They are objects of the heart from the abyss of the Shoah: 16 objects that were once torn away from Germany together with their owners. "Sixteen Objects – Seventy Years of Yad Vashem" is the name of an exhibition which opened on Tuesday in the Paul-Löbe-Haus in the German Bundestag in Berlin.
It includes items like "Inge", a doll that belonged to Lore Mayerfeld (née Stern). As a little girl, Lore was forced to flee her native town of Kassel to escape the Nazis and took Inge, a gift from her grandmother, with her. In 1941, Lore and her mother managed to escape to the US via Portugal on the last ship. Lore later dressed her doll in the pyjamas she was wearing herself on the night of the pogrom in November 1938.
Lore has lived in Israel since 1991 and is one of the few surviving eyewitnesses to the Holocaust. This makes it all the more important that we constantly remember this crime, including on January 27, 2023 the Day of Remembrance for the Victims of National Socialism.
Christian Sewing met Lore Mayerfeld on Monday at the Paul-Löbe-Haus. Together with her, he visited the exhibition one day before the official opening.
Reflecting on his visit, Sewing said: “We must and will never forget the injustice committed in Germany. That is why Deutsche Bank supports Yad Vashem’s hugely important work to keep the memory of the Holocaust alive. The fate of millions of victims reminds us to actively stand up for diversity and tolerance in our own lives and surroundings every day."
Deutsche Bank has been supporting the expansion of the Yad Vashem International Holocaust Memorial in Jerusalem since 2019. The 16 objects now on display in Germany will find a permanent home in Yad Vashem’s new "House of Memories." Together with Deutsche Bahn, Borussia Dortmund, Mercedes-Benz and Volkswagen, Deutsche Bank is promoting a culture of remembrance as a member of the Friends of Yad Vashem.
Bundestag President Bärbel Bas opened the "Sixteen Objects” exhibition with 300 guests including Dani Dayan, Chairman of the International Holocaust Memorial; Ron Prosor, the Israeli Ambassador to Germany; German Finance Minister Christian Lindner and Kai Diekmann, Chairman of the Friends of Yad Vashem. Harald Eisenach, Head of Corporate Bank Eastern region, attended the opening on behalf of Deutsche Bank.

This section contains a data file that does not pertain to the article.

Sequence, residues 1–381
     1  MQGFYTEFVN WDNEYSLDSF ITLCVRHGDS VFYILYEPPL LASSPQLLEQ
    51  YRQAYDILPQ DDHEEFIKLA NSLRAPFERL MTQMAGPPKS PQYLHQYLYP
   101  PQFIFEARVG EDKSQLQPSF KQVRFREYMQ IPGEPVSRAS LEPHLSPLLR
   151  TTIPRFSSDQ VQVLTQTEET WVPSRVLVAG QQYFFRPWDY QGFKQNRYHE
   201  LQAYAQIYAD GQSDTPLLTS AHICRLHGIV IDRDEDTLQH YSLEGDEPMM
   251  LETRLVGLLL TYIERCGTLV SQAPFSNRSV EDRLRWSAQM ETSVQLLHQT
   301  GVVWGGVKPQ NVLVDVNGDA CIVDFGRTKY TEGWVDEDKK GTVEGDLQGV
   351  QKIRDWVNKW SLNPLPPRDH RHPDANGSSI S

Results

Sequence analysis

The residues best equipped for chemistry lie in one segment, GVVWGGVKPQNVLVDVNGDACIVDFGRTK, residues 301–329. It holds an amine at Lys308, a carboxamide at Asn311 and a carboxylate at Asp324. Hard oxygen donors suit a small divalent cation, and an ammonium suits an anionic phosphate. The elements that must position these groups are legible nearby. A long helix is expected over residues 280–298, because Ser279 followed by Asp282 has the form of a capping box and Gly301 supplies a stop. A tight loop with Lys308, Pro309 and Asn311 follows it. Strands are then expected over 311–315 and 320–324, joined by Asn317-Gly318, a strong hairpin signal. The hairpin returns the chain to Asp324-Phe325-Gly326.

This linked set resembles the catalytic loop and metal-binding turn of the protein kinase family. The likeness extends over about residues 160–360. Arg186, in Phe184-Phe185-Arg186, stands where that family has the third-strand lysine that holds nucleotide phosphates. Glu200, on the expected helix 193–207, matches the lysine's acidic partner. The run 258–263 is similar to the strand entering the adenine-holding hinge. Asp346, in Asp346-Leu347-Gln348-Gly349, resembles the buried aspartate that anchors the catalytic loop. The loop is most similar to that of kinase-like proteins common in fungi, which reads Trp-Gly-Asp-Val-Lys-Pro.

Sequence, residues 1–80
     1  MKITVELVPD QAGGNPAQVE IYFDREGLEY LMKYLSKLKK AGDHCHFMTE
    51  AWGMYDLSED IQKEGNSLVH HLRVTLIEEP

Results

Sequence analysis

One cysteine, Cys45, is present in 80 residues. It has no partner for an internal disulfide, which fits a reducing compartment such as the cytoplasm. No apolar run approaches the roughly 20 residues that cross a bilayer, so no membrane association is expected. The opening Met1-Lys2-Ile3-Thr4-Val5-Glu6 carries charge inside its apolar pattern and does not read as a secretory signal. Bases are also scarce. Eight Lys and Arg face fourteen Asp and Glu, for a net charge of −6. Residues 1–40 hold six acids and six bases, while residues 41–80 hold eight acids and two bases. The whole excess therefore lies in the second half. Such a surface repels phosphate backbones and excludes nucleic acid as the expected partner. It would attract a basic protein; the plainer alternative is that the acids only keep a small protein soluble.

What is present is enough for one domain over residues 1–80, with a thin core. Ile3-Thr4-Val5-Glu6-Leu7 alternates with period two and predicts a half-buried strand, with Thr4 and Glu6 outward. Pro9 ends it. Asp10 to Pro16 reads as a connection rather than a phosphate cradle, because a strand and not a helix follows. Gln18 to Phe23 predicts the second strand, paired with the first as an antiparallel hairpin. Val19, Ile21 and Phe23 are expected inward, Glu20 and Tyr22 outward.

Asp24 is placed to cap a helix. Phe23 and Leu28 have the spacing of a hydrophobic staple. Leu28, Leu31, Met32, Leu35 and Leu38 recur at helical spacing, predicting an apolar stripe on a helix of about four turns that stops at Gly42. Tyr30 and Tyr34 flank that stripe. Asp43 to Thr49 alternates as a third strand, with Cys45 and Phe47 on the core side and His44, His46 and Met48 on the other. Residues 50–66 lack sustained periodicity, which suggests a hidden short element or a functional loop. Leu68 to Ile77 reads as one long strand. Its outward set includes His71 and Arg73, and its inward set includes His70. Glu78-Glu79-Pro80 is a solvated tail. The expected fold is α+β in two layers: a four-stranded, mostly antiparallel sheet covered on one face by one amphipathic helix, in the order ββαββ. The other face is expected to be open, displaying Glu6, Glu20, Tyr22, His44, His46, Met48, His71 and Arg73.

The first visitors experienced the touching collection of simple everyday objects that accompanied the victims of the Shoah on their journeys of escape and suffering. The objects not only tell a very tangible life story, described in the exhibition, they also stand for the countless lives that were destroyed by National Socialism.
The curators have deliberately chosen one memento from each of Germany’s 16 Federal states. So alongside "Inge", the doll from Kassel, there is a mini kitchen from Stuttgart, a poetry album from Saarbrücken and the Hanukkah menorah saved by a family from Kiel. And even seemingly mundane objects, such as a Berlin doctor’s stethoscope or a lady from Bremen’s suitcase, tell of the inhuman fate of their original owners. Further information about the exhibition is available as a PDF.
Those who wish to visit the exhibition in the restricted area of the Paul-Löbe-Haus in Berlin must register in advance. More information is available in German on the website of the German Bundestag. However, those interested do not necessarily have to travel to Berlin: after its first stop in the capital, "Sixteen Objects – Seventy Years of Yad Vashem" will also be on display at the Zollverein Foundation in Essen from March 5 to April 10.
This exhibition is also special because it marks the first time the International Holocaust Memorial has loaned artifacts from its collection to Germany – the country which tore open the abyss to the Shoah.
Deutsche Bank and National Socialism – some facts
- Deutsche Bank was the first financial institution to have its Nazi-era history investigated in depth and without restriction by independent historians.
- In 1999, Deutsche Bank was one of 13 German companies to sponsor the German government's "Remembrance, Responsibility and the Future" foundation initiative. The foundation was established the following year. The German government and businesses together paid 5 billion euros to forced laborers and other victims of the Nazi regime.
- At Deutsche Bank, Christian and Jewish employees worked closely together before 1933. One of the bank's founders, Ludwig Bamberger, and one of its first board members, Paul Wallich, were Jewish. Three of the six board members before 1933, Paul Mankiewicz, Oscar Wassermann and Georg Solmssen, were also Jewish.
- To commemorate its persecuted Jewish employees, Deutsche Bank is researching their individual fates and has been publishing them step by step on the website of the Historical Society since 2021. This is intended to remember them and tell the stories of as many people as possible from that time.